A View from the Pew: Ode To a Flower… Committee


A committee by any other name would still be underappreciated in a church, especially when it’s the flower committee.

Of all the jobs in churches, perhaps none are as visible and yet invisible as the dedicated members of the church family who make sure fresh floral arrangements adorn the sanctuary each week or for special services or celebrations. Even when the whole world is in bloom giving us more visual beauty than we take time to notice, we often overlook the work of the people who bring us that beauty in vases each week in our worship services.

As I described in my first ever contribution to this monthly blog, worship can be enhanced by visual cues in our context, and the flower committee does its part by bringing some of what God hath wrought in the out-of-doors into the worship space. Particularly for iconoclastic Baptists who typically don’t have much in the way of adornment in their buildings, floral arrangements provide a welcomed splash of color.

My grandmother was a florist, so maybe I get my appreciation of floral arrangers from her. But honestly, it wasn’t until I joined Highland Hills Baptist Church in Macon, GA in 1992 that I began to appreciate what role flowers played in worship. Highland Hills was a church that took such care of its grounds and treated the natural beauty both in and around the facility as part of its worship that I really began to notice what flower committees contributed to the congregation.

At Highland Hills, I would often pass the open flower room, symbolically and practically located just off the sanctuary, and glance in to see various buds in vases being prepared for just the right week to be displayed. Foresight and planning went into the flower committee’s work, more than I’ve seen in some sermons.

And unlike the sermon, the message of the flower committee was clear: God’s handiwork is amazing. Praise be to God.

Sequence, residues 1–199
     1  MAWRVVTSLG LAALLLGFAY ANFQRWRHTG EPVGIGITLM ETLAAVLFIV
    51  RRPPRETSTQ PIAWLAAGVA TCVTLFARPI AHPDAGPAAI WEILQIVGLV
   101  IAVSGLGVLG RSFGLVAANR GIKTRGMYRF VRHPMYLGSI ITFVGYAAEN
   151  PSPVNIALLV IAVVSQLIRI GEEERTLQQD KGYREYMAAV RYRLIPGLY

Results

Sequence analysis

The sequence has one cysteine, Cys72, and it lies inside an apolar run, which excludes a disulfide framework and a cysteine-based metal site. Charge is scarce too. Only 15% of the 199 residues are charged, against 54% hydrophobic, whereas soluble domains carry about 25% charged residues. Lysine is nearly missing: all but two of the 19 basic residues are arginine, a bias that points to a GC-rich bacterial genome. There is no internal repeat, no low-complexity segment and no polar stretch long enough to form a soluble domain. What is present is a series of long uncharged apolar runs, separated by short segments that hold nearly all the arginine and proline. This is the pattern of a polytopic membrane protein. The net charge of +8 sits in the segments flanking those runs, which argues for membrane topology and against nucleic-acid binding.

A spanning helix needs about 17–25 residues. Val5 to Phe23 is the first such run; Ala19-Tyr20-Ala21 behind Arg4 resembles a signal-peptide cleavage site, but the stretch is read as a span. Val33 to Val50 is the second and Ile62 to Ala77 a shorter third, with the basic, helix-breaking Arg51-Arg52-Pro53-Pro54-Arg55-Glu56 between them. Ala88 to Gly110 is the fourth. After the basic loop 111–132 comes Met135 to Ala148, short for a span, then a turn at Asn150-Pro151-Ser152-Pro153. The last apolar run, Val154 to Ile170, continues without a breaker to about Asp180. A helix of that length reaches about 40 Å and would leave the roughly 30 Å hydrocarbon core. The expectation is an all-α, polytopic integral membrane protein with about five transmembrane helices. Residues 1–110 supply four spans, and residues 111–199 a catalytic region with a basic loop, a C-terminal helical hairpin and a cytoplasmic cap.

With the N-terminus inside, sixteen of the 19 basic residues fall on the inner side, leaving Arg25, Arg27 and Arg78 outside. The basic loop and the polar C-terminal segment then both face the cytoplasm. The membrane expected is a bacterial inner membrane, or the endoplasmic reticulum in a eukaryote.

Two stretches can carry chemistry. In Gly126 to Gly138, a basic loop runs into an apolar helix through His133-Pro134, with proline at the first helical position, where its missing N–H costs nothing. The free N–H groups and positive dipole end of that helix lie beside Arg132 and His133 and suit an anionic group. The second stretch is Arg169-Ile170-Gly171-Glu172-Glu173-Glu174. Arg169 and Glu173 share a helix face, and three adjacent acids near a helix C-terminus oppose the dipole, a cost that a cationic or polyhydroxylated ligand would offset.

In my lifetime of church attendance, I have seen myriad resources published for the admonition of the practical and spiritual administration of a church. I have never seen anything in print or online for the benefit of the flower committee.

Make no mistake, there is plenty written online about a church’s flower committee, but it usually takes the form of policies and disclaimers designed to prevent Sister Jubers from plopping down a mason jar full of yellow daisies on the Lord’s Supper table. The committee often must act as quality control, and these online policies make it clear that there are protocols to be followed before beauty can be appreciated.

Admittedly some churches are more stringent in their policies than others, and I have known church squabbles to break out over the work of the flower committee. All in all, I stand by my original thesis that their work is underappreciated and often unrecognized. But for all the wedding planners and florists and funeral directors whose work has been made easier by a good church flower committee, there are thousands of us who sit in the pew each Sunday who may or may not notice a floral centerpiece and think “That’s nice.”

So during this season of blooming and new life, pause at the beginning of your worship this week and notice the flowers in your sanctuary. And maybe even take out your nice stationery when you get home and drop the members of that committee a note of thanks for their service.

Or maybe, you should send them flowers. It’s just a thought.

Lance Wallace_for_webLance Wallace is a Baptist layperson who does media relations for the Georgia Institute of Technology. He previously served as Director of Communications with the Cooperative Baptist Fellowship. Lance blogs at newsouthessays.com.

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